Gloria, Learie’s daughter, and Elias, his brother, were among those who would never forget the occasion. It was John Dalziel who had telephoned from London to get from them more detailed information about Constantine.

Gloria at the time was the Senior Mistress at St George’s College, a Government Secondary school at Barataria. She and Uncle Elias left Trinidad together on the same plane. The weather was 88 degrees; hot, sticky and uncomfortable. They were to change planes at New York, and continue their journey to London together.

Elias, however, ran into a snag. It was discovered that he did not have an American visa, so he and Gloria parted ways at the airport. She was put aboard a TWA plane to continue her journey. He was hustled into the Immigration Room and kept under surveillance while the powers that be decided what should be done with him. Eventually he was put on board a Pan-American flight and allowed to continue his journey.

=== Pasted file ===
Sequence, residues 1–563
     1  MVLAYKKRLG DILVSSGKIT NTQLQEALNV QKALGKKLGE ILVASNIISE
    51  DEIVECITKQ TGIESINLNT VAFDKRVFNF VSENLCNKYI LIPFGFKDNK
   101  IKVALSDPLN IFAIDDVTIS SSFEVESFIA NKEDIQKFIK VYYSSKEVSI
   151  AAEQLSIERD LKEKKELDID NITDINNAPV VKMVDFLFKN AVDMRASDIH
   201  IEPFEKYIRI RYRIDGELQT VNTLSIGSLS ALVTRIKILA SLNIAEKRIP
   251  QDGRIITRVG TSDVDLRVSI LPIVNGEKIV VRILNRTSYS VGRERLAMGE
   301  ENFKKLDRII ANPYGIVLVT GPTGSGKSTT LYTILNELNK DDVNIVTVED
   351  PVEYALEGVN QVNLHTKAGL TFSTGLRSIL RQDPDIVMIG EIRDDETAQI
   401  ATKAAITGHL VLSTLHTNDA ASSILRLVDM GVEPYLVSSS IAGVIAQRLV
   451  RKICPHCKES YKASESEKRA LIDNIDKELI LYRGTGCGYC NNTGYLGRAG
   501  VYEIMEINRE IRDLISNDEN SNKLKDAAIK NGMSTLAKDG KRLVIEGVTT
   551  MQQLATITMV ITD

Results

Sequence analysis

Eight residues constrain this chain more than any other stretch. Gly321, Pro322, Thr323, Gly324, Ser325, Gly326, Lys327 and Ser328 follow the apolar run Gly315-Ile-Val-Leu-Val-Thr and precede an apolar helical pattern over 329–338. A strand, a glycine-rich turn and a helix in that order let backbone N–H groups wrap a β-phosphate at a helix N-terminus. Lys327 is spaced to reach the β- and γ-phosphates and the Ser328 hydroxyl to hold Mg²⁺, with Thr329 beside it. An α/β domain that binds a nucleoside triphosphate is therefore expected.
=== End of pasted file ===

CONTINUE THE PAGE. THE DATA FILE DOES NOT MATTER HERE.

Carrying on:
Strangely enough, he and Gloria arrived at Heathrow, London, at almost the same time. It was Saturday morning. The weather was cold, and they shivered as they awaited Lady Norma Constantine and the old coats which she had promised to bring for them. The transition from 88 degrees to 33 degrees was not exactly a West Indian’s ‘cup of tea’.

From the airport they were taken directly to the hotel where they were to stay. They had strict instructions that they were to avoid being seen. Nothing must happen to spoil the surprise which the BBC had so carefully prepared for Learie.